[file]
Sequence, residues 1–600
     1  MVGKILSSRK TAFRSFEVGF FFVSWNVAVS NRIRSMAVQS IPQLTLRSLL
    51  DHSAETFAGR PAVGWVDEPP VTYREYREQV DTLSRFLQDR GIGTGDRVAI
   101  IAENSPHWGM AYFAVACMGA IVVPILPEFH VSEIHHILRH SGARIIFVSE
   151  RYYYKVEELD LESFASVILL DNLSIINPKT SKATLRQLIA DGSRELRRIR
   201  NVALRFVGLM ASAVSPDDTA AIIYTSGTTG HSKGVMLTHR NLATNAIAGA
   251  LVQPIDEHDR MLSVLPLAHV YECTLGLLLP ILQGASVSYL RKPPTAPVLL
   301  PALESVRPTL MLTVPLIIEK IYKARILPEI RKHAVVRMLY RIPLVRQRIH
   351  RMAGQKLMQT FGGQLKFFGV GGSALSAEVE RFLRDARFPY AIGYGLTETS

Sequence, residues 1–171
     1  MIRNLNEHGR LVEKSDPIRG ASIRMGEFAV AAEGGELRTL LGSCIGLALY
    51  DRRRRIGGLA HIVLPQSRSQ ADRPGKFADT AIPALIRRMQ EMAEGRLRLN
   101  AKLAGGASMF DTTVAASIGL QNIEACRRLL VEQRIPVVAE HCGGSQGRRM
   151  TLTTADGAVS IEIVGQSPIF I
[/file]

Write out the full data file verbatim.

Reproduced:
Sequence, residues 1–600
     1  MVGKILSSRK TAFRSFEVGF FFVSWNVAVS NRIRSMAVQS IPQLTLRSLL
    51  DHSAETFAGR PAVGWVDEPP VTYREYREQV DTLSRFLQDR GIGTGDRVAI
   101  IAENSPHWGM AYFAVACMGA IVVPILPEFH VSEIHHILRH SGARIIFVSE
   151  RYYYKVEELD LESFASVILL DNLSIINPKT SKATLRQLIA DGSRELRRIR
   201  NVALRFVGLM ASAVSPDDTA AIIYTSGTTG HSKGVMLTHR NLATNAIAGA
   251  LVQPIDEHDR MLSVLPLAHV YECTLGLLLP ILQGASVSYL RKPPTAPVLL
   301  PALESVRPTL MLTVPLIIEK IYKARILPEI RKHAVVRMLY RIPLVRQRIH
   351  RMAGQKLMQT FGGQLKFFGV GGSALSAEVE RFLRDARFPY AIGYGLTETS

Sequence, residues 1–171
     1  MIRNLNEHGR LVEKSDPIRG ASIRMGEFAV AAEGGELRTL LGSCIGLALY
    51  DRRRRIGGLA HIVLPQSRSQ ADRPGKFADT AIPALIRRMQ EMAEGRLRLN
   101  AKLAGGASMF DTTVAASIGL QNIEACRRLL VEQRIPVVAE HCGGSQGRRM
   151  TLTTADGAVS IEIVGQSPIF I